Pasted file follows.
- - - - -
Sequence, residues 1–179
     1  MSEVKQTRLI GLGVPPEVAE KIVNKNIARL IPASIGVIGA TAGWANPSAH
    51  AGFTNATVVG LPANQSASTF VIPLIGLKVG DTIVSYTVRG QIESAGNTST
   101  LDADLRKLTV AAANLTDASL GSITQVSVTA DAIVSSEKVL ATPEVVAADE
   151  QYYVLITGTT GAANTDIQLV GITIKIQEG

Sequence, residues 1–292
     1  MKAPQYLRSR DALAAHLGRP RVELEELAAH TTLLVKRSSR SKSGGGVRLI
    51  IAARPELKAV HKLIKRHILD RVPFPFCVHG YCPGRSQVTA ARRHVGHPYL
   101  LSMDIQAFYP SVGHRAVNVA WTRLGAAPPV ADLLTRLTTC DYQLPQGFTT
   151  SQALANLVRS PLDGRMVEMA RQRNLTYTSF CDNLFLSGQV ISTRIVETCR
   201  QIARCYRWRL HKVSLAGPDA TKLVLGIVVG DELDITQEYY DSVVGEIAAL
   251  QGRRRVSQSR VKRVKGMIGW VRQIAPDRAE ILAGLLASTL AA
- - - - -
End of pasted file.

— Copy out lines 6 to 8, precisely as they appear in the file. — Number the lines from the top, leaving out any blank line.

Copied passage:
Sequence, residues 1–292
     1  MKAPQYLRSR DALAAHLGRP RVELEELAAH TTLLVKRSSR SKSGGGVRLI
    51  IAARPELKAV HKLIKRHILD RVPFPFCVHG YCPGRSQVTA ARRHVGHPYL